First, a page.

Fenway Tackles Health Disparities in LGBTQ Youth of Color

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LGBTQ Youth of color are at higher risk than their counterpart Caucasian LGBT youth and the heterosexual youth of color.

BOSTON, Massachusetts — The National Institutes of Health (NIH) has awarded The Fenway Institute a three-year, $800,000 grant to address health disparities in LGBTQ (lesbian, gay, bisexual, transgender, and queer/questioning) youth of color, through the National Institute on Minority Health and Health Disparities (NIMHD). This funding will allow Fenway to establish a community-based research initiative to create and pilot interventions to address those disparities.  BAGLY (Boston Alliance of Gay, Lesbian, Bisexual and Transgender Youth), JRI Health, Fenway’s Sidney Borum Jr. Health Center, and the Massachusetts Commission on Lesbian, Gay, Bisexual and Transgender Youth are partners on the grant.

Evidence indicates that LGBTQ youth of color use substances (including alcohol, tobacco, and other drugs), engage in risky sexual behaviors, and attempt suicide in high rates disproportionate to those of both white LGBTQ youth and heterosexual youth of color.  Such evidence underscores the pressing need for interventions to improve the health of LGBTQ youth of color, many of whom face “tricultural” experiences of stigma: homophobia from their racial/ethnic groups, racism from the LGBTQ community, and the intersection of homophobia and racism from the culture at large.

“This grant provides a remarkable opportunity for Fenway and our partners. Our work will be based on the Positive Youth Development model – helping young people to achieve their full potential. We aim to learn how they can achieve the healthy lives everyone is entitled to and what our partners and supporters can do to make this easier,” said Judith B. Bradford, PhD, Co-Chair of The Fenway Institute and Principal Investigator on this grant.

The project team will be supported by two Community Advisory Boards; one comprised of community program leaders and government representatives and a second comprised of LGBTQ youth of color. These leadership groups will meet together and individually. The project team will conduct a community needs assessment, compile and review existing data on health disparities and health concerns of LGBTQ youth of color, and gather their own detailed information from local youth.  The project team will then design, pilot and evaluate an intervention tailored for LGBTQ youth of color.

“In working with LGBTQ youth of color every day, we see that the combined forces of homophobia, racism and lack of social support can result in high-risk, often self-destructive behaviors.  By combining forces with experienced partners like Fenway and BAGLY, a more comprehensive approach to services can be offered that will improve the health, self-sufficiency and dignity of this population,” said John Gatto, Executive Director of JRI Health.  “We are privileged to be a partner in this effort and create long-term strategies that ensure access to care and autonomy for LGBTQ youth of color.”

“BAGLY is delighted to have this opportunity to partner with The Fenway Institute, JRI Health and the Massachusetts Commission on LGBT Youth on this important and exciting opportunity to assess the needs, and address the health disparities, of LGBT youth of color,” said Grace Sterling Stowell, BAGLY’s Executive Director.  “As the oldest and largest LGBT youth organization in Massachusetts, BAGLY has over 30 years of experience working with LGBT youth of color using a youth development approach.  We know that social and institutional racism along with anti-LGBT bias and oppression, result in significant health disparities for LGBT youth of color, and so BAGLY looks forward to joining with our community partners to improve the lives of this population.”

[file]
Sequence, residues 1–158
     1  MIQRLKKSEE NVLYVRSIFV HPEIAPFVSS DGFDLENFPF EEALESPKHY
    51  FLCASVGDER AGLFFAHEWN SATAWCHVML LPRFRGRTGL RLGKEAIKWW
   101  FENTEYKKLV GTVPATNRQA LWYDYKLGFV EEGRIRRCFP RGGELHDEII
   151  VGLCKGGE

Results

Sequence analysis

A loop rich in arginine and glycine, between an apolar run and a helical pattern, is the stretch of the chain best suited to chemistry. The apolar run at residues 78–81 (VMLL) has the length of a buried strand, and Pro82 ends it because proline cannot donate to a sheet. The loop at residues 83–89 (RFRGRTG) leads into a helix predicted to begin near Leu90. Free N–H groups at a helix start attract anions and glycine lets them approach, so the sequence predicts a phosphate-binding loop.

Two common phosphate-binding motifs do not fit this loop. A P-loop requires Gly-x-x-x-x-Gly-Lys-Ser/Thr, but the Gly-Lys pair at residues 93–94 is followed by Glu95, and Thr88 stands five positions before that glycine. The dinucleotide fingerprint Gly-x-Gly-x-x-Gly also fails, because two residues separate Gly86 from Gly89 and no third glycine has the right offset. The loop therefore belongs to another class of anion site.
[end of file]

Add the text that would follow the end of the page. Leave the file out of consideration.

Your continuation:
Arthur Lipkin, EdD, a member of the Massachusetts Commission on LGBT Youth and Chair from 2010 – 2012, responded to news of the grant, “The Commission is eager to be involved in research that targets its priority youth population for reduction of health disparities. This project helps realize my dream of partnering with the Fenway Institute to promote public policies and programs that will more effectively serve those LGBT youth whose risk has remained unconscionably high for decades.”

The National Institute on Minority Health and Health Disparities is a division of the The National Institutes of Health, a part of the U.S. Department of Health and Human Services. NIH is the nation’s medical research agency—making important discoveries that improve health and save lives. NIMHD leads scientific research to improve minority health and eliminate health disparities.

For more than forty years, Fenway Health has been working to make life healthier for the people in our neighborhood, the LGBT community, people living with HIV/AIDS and the broader population.  The Fenway Institute at Fenway Health is an interdisciplinary center for research, training, education and policy development focusing on national and international health issues. Fenway’s Sidney Borum Jr. Health Center cares for youth and young adults ages 12 to 29 who may not feel comfortable going anywhere else, including those who are LGBT or just figuring things out; homeless or living on the streets; struggling with substance use or abuse; sex workers; or living with HIV/AIDS.

[From a News Release]

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